This is, in Wood’s words, “a political problem,” and the solution in large part will be found only by political action in opposition to the higher education establishment. The problem will therefore not be sufficiently addressed, as Frederick Hess warns, by “well-meaning efforts to protect free speech, establish speaker series to bring diverse voices to campus, create campus outposts of heterodox thought, and foster civil debate.” Such efforts are, as Hess says, “primarily defensive actions” which “are helpful but ultimately insufficient.” It is worth noting that William F. Buckley’s subtitle to God and Man at Yaleback in 1951 was “the Superstitions of Academic Freedom.” While such defensive actions have been increasingly necessary for decades, our current Republican leaders are so worthless they give only lip service them, as Rachelle Peterson rightly laments.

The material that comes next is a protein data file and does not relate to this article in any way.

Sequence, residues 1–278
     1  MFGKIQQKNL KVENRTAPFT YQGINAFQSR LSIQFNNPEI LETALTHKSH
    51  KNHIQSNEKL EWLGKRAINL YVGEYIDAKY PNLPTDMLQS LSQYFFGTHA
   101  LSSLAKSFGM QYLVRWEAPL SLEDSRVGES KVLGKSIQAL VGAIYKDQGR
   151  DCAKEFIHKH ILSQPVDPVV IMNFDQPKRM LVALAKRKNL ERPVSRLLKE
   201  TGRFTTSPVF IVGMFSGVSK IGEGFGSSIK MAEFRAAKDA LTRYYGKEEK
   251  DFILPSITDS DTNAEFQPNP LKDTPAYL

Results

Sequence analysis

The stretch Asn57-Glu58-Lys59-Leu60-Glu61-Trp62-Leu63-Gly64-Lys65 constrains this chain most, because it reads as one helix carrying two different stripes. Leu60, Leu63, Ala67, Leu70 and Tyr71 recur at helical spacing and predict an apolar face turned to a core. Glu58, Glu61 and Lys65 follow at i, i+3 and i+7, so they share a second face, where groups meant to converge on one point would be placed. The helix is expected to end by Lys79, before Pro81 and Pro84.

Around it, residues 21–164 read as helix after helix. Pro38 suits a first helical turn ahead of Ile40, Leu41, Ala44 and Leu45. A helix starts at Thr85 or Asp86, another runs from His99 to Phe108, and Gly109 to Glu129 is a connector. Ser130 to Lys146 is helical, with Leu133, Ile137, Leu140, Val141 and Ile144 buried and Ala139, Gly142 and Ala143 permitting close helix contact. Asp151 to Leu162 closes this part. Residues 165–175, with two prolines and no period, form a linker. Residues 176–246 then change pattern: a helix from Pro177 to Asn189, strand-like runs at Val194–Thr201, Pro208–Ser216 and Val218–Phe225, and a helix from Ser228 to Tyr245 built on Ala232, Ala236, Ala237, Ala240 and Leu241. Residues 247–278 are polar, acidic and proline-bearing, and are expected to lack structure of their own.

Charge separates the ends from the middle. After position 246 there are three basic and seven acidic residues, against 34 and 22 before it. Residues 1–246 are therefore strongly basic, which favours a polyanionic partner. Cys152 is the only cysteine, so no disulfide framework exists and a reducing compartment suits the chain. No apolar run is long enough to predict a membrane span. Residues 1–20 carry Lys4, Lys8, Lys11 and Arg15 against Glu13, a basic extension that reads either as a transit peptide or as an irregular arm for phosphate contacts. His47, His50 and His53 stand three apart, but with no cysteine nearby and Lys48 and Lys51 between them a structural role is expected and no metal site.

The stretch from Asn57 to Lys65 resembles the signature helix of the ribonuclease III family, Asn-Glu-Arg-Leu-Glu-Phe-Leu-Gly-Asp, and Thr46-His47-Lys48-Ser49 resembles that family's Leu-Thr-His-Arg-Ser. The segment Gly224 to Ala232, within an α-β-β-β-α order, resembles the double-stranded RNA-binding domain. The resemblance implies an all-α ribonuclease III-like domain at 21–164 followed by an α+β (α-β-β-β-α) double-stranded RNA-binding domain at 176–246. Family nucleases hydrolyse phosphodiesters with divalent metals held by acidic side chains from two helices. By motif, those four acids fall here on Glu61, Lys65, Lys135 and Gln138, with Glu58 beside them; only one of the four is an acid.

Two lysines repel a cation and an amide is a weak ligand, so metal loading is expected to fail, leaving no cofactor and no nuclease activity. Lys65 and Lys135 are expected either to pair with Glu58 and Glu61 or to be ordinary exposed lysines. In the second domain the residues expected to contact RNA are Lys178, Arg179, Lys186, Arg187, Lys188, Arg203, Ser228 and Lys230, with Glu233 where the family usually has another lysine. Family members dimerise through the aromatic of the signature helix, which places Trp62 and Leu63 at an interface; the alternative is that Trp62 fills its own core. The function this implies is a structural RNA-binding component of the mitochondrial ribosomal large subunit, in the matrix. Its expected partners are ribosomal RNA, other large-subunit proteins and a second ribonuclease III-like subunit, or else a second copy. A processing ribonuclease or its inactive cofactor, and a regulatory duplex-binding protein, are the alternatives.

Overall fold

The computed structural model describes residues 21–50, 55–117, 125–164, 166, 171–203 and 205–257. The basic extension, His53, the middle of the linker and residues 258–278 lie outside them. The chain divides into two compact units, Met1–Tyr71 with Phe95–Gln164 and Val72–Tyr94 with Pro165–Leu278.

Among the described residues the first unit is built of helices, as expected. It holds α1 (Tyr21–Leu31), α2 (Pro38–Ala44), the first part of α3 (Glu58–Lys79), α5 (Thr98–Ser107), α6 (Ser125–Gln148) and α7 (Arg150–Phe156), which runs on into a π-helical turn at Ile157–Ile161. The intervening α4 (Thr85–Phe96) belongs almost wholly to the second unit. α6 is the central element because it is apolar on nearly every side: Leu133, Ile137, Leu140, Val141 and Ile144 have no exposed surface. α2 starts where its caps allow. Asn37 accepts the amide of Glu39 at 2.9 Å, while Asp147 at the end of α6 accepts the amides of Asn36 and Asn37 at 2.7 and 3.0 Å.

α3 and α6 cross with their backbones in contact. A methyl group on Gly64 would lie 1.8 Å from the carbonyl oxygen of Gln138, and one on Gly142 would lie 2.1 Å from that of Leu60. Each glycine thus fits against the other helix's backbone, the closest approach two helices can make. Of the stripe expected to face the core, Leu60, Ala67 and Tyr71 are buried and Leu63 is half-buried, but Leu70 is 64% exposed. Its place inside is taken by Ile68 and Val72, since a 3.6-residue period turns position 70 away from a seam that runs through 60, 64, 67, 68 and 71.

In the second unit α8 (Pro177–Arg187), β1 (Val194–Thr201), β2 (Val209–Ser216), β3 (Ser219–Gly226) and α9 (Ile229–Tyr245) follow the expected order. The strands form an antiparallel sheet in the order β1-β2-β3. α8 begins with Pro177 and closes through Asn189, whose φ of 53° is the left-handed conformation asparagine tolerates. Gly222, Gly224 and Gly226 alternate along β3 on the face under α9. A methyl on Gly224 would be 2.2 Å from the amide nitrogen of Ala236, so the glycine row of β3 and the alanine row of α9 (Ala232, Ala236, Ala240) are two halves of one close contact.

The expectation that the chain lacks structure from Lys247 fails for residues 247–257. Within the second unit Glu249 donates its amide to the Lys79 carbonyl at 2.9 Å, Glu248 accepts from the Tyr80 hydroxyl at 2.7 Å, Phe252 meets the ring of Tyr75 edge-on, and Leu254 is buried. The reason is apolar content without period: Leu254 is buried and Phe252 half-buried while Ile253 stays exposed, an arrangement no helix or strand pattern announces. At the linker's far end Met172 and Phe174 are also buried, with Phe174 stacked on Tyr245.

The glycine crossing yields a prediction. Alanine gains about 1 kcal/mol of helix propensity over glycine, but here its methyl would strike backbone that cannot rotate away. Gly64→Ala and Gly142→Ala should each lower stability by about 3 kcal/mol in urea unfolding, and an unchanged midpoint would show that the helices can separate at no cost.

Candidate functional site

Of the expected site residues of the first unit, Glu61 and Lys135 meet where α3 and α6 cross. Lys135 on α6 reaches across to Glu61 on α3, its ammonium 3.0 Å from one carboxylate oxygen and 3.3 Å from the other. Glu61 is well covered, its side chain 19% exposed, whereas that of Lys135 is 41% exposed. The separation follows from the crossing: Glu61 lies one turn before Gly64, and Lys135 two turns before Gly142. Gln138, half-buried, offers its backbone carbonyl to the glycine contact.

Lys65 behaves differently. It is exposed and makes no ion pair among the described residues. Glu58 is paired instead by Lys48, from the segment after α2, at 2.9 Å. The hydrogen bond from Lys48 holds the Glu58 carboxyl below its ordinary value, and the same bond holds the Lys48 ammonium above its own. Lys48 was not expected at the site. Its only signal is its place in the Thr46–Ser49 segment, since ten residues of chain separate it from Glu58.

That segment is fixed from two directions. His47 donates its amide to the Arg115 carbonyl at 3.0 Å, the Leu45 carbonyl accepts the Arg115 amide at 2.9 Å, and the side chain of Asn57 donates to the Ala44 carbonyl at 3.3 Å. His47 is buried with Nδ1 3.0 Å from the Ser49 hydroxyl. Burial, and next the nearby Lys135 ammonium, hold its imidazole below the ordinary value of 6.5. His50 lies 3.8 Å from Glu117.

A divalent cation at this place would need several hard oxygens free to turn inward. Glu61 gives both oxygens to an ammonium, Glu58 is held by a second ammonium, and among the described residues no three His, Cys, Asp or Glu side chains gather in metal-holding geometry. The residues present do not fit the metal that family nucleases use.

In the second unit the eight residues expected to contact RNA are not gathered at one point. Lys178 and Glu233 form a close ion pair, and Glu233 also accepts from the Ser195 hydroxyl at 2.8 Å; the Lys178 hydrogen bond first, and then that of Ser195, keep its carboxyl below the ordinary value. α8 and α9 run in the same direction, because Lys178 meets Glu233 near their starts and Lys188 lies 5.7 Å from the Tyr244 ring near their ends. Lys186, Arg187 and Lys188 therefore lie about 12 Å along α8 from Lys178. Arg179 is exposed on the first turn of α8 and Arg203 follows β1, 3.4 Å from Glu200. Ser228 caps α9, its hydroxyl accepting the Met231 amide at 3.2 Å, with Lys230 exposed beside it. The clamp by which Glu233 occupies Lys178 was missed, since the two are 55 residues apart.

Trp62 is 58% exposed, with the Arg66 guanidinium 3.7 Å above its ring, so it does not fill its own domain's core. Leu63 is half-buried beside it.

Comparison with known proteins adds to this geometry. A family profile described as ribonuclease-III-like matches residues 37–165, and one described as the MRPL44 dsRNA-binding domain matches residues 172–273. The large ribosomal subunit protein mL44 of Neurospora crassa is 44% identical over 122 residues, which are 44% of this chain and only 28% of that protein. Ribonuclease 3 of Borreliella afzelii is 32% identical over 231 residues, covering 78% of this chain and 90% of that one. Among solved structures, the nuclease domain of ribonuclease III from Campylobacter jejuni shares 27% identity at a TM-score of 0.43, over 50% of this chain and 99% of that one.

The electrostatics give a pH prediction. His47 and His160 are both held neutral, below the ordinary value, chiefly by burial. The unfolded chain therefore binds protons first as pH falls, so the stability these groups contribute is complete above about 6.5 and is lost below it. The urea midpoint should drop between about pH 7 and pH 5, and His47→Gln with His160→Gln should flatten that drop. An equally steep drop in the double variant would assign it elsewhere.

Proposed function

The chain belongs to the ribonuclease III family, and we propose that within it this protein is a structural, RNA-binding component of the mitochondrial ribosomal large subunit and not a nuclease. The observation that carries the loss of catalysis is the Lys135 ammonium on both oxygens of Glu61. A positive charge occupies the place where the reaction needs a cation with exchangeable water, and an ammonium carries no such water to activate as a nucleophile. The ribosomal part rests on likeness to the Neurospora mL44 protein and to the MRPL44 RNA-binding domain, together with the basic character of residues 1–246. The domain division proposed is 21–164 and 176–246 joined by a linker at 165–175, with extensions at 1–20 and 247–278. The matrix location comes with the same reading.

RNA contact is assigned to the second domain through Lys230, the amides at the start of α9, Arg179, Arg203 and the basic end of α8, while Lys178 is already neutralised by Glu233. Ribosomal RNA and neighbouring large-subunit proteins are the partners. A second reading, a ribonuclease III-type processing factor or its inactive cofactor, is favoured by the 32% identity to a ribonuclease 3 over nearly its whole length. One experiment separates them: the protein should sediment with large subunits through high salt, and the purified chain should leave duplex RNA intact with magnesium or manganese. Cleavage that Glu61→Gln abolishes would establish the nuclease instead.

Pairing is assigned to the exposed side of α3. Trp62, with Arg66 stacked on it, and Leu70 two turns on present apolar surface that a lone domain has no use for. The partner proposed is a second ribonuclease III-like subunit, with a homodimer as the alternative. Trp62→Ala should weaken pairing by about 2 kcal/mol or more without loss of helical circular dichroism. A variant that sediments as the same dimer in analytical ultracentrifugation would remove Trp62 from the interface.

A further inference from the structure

The Way Forward
In the coming weeks, The American Mind will further explore the cause of higher education’s failure to produce the right kind of civically-minded leaders, the core problem of the modern curriculum, and what it will take to re-establish the kind of educational system our nation so desperately needs.
We must remember that, as Berkowitz advises, education “is where culture warriors…should concentrate their fire. It is in the domain of education—for all ages and in America particularly at the state and local levels—that liberal democracies, consistent with their foundational commitment to securing liberty by limiting government, can most effectively promote public morality.” But if we and others are to successfully do so, and so save our decaying Republic, the conservative movement and its donors are increasingly going to have to put their time, money, and action where our mouths have been for the last 70 years.
If we do not, we will continue our slide into irrelevance, moving from what little influence we have on today’s tidal political changes—to having none at all.